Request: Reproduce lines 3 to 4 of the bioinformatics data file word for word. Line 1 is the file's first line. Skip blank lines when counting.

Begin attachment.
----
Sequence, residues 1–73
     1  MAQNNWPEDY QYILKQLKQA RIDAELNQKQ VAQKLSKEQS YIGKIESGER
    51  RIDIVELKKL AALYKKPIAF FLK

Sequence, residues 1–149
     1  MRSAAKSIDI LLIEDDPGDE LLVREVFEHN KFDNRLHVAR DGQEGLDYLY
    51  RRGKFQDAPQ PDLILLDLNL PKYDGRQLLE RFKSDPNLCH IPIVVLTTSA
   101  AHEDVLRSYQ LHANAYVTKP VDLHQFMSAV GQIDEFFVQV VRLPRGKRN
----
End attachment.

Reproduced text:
    51  RIDIVELKKL AALYKKPIAF FLK

Sequence, residues 1–149